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White House withdraws ATF nominee Chipman after Senate support falls short

David Chipman was voted out of committee in a tie vote on June 24, but Majority Leader Chuck Schumer has not brought him up on the Senate floor.

WASHINGTON — The White House is withdrawing David Chipman as the nominee to run the Bureau of Alcohol, Tobacco, Firearms and Explosives, President Joe Biden said in a statement Thursday.

Biden praised Chipman for his work and said he would have been an exemplary Director of the ATF.

"Unfortunately, Republicans in Congress have made clear that they intend to use gun crime as a political talking point instead of taking serious steps to address it," said Biden.

The move comes after concerns were raised by moderate Democrats, including Sens. Joe Manchin of West Virginia and Jon Tester of Montana, as well as Angus King of Maine, an independent who caucuses with the Democrats. Chipman also faced unanimous opposition from Republicans over his past record on gun control.

Chipman's nomination was voted out of committee in a tie vote on June 24, but Senate Majority Leader Chuck Schumer has not brought him up on the Senate floor to be officially discharged from the committee because he lacked support.

“It was an honor to be nominated by the President to serve as the Director of the Bureau of Alcohol, Tobacco, Firearms and Explosives," Chipman said in a statement on Thursday. "As a 25-year veteran of ATF, I am deeply committed to addressing the national crisis of violent crime and domestic terrorism that threatens the promise of our nation’s public safety."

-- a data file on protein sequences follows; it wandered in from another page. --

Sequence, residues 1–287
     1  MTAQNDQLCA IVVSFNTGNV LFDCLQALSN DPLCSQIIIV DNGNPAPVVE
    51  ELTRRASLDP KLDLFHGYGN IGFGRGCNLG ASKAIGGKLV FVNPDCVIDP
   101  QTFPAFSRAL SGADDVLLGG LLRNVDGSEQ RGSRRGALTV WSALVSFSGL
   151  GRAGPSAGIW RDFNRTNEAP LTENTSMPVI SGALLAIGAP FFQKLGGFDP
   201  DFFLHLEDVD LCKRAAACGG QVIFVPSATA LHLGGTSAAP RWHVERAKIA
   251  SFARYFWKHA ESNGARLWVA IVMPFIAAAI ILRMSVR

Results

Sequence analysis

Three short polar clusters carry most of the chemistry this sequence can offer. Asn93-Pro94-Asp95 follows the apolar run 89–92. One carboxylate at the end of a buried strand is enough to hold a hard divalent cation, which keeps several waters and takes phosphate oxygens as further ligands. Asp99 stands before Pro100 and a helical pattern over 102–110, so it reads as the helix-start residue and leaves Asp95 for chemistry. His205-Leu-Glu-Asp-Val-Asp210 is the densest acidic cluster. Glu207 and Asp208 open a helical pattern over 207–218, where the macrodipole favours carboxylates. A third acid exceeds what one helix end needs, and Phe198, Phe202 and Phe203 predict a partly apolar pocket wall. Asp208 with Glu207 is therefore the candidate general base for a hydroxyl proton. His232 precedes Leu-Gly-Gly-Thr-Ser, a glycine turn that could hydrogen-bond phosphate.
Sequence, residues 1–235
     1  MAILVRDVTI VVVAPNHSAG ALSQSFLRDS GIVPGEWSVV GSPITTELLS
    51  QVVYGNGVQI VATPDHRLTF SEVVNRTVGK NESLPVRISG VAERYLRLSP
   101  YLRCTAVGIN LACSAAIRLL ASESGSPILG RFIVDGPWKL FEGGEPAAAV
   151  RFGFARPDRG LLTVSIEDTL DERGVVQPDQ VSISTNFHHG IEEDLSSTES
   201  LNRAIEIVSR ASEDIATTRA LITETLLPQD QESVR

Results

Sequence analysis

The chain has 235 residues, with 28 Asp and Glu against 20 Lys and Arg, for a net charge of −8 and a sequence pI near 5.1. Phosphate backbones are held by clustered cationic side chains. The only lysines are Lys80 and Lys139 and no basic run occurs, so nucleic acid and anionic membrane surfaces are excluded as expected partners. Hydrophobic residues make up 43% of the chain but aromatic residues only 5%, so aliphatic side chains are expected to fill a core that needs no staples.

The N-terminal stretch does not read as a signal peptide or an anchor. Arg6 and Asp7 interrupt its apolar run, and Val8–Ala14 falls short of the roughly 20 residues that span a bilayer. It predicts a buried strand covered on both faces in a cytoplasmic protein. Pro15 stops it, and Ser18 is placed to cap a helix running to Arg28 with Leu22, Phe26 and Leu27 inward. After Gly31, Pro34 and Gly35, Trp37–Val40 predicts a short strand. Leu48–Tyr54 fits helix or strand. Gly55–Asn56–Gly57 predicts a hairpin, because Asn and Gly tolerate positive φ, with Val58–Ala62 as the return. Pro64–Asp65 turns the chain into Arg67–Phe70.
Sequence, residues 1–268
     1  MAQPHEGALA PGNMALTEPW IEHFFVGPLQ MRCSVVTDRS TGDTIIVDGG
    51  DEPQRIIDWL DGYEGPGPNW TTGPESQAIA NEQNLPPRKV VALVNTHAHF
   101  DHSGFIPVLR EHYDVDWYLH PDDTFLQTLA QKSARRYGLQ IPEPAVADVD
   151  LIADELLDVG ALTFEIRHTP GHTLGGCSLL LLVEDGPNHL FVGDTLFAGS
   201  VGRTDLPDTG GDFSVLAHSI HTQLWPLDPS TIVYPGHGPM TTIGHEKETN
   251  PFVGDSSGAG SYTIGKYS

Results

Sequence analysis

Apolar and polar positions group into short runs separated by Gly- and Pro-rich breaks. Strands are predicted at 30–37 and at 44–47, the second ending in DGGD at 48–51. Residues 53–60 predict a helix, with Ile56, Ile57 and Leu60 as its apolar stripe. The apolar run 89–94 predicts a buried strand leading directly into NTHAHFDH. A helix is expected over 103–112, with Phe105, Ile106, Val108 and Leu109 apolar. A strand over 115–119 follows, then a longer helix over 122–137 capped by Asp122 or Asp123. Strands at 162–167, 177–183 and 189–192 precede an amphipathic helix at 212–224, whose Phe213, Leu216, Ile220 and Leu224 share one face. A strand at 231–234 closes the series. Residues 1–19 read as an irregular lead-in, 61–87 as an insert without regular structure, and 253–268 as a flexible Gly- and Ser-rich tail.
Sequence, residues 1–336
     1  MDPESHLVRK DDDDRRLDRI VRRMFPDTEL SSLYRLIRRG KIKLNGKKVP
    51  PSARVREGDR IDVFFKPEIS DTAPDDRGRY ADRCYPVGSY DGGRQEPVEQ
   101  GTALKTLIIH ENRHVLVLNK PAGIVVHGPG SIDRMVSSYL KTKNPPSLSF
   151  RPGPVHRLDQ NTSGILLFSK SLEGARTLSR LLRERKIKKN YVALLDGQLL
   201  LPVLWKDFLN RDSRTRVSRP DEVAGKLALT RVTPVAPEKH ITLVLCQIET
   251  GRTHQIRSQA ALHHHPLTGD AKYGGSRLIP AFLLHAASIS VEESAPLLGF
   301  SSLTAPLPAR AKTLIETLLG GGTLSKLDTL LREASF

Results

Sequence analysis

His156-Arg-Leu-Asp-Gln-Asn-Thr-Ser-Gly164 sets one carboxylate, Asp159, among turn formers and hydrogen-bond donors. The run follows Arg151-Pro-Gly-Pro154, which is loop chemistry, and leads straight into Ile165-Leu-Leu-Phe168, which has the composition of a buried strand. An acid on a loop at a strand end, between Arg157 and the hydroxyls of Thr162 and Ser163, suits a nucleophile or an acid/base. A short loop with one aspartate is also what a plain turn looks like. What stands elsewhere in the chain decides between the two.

Biden nominated Chipman, who spent more than two decades with the ATF before he went to work with Giffords, a group that advocates for stricter gun laws and is named for its founder, Gabby Giffords, a former congresswoman from Arizona who was shot at a constituent event.

"Since taking office, my Administration has taken numerous steps to combat gun violence, and we'll continue to use every tool at our disposal to fight gun violence and keep Americans safe," said Biden.

Republicans in opposition of Chipman praised the move including Sens. Chuck Grassley, R-Iowa, and Senate Minority Leader Mitch McConnell, R-Ky.

"Glad to hear reports the White House is taking my advice and pulling the terrible nomination of David Chipman," said McConnell, in a tweet.

"Absurd that a vocal opponent of Americans' constitutional rights was ever picked to run ATF. This is a win for the Second Amendment and law-abiding American citizens," he said.

The ATF has not had a Senate-confirmed director since 2013 and has had acting directors since 2015.